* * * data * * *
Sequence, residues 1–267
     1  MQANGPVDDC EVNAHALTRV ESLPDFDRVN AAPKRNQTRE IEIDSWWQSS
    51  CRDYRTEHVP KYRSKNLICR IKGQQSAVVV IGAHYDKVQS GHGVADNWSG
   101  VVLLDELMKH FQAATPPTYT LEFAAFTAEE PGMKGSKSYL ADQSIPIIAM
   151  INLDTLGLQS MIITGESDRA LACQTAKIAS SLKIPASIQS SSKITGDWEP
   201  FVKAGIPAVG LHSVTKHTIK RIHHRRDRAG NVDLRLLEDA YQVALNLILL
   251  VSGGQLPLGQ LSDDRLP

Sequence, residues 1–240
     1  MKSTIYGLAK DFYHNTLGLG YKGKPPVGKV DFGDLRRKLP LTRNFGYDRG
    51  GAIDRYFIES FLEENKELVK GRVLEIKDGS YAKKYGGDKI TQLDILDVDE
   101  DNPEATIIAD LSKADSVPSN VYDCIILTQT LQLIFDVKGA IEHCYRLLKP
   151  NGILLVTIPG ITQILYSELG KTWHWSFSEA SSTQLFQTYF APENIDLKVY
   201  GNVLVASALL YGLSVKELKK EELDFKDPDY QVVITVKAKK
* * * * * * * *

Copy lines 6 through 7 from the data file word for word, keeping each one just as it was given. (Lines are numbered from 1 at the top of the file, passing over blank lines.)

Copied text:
   201  FVKAGIPAVG LHSVTKHTIK RIHHRRDRAG NVDLRLLEDA YQVALNLILL
   251  VSGGQLPLGQ LSDDRLP